Reinsurance News

Reinsurers set to retain more secondary exposure: Lockton’s Scholfield

19th May 2022 - Author: Matt Sheehan

Simon Scholfield, Partner, Head of Wholesale P&C at Lockton Companies, has warned that some reinsurers are likely to find themselves retaining more secondary peril exposure, as appetite for property catastrophe risks remains uncertain in the retrocession markets.

Looking at the state of the North American Property market through H1 2022, Scholfield noted that many carriers in the insurance and reinsurance sector are already reducing their property catastrophe risk, after another year where returns-on–equity look set to fall below cost-of-equity.

Extreme weather events were again active through last year, and included Texas Winter Storm Uri and extensive flooding in Louisiana, following Hurricane Ida, as well as deadly tornadoes and catastrophic wildfire in Colorado towards the end of the season.

Accordingly, insured losses from natural catastrophes in 2021 reached USD $billion, the fourth highest since 1970, according to Swiss Re Institute’s preliminary sigma estimates.

Catastrophe risk modeller AIR Worldwide estimated that the global insurance industry should currently expect a long-run annual average loss of $106 billion from natural catastrophes around the world, instead of the actual average loss of the past decade of approximately $75 billion.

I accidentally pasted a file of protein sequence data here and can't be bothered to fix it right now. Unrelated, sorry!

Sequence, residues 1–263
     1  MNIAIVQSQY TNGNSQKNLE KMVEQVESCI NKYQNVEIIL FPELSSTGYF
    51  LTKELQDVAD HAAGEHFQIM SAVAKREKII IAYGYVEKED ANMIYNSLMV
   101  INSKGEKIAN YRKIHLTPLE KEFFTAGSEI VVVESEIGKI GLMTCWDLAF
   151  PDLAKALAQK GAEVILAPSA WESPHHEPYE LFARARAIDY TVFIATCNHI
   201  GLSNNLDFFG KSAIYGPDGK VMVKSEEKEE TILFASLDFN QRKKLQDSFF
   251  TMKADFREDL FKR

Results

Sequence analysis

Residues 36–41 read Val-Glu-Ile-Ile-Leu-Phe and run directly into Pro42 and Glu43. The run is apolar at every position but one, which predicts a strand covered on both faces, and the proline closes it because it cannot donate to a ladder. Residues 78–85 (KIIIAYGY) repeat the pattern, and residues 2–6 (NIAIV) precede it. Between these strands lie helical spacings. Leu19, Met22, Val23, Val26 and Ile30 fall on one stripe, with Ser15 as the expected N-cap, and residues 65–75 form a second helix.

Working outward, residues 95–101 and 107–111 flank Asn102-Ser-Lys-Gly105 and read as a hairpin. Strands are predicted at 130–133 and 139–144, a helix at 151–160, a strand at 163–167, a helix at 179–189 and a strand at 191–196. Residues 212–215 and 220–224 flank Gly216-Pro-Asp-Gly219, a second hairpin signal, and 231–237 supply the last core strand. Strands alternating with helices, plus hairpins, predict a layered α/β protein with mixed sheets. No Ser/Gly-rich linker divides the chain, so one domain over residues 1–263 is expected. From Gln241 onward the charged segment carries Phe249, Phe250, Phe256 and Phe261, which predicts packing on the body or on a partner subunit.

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Against this backdrop, which has followed two or three years of firming global property rates, Scholfield notes that many carriers now feel they have rebalanced their ‘non-cat’ pricing and are turning their attention towards how to deal with future natural catastrophe volatility.

“As a result, buyers are becoming increasingly interested in exploring alternative protection mechanisms which include parametric and captive solutions, amongst other products,” he commented.

And on the risk side, rapidly escalating inflation, coupled with post-pandemic supply chain issues and now war in eastern Europe, are all causing insurers and reinsurers to re-evaluate their portfolios, Scholfield added.

He concluded: “An interrelated outcome of this, which has returned with a vengeance in the property market, is a closer scrutiny of the accuracy of the metrics being used to assess the adequacy of insured’s asset and business interruption values.”

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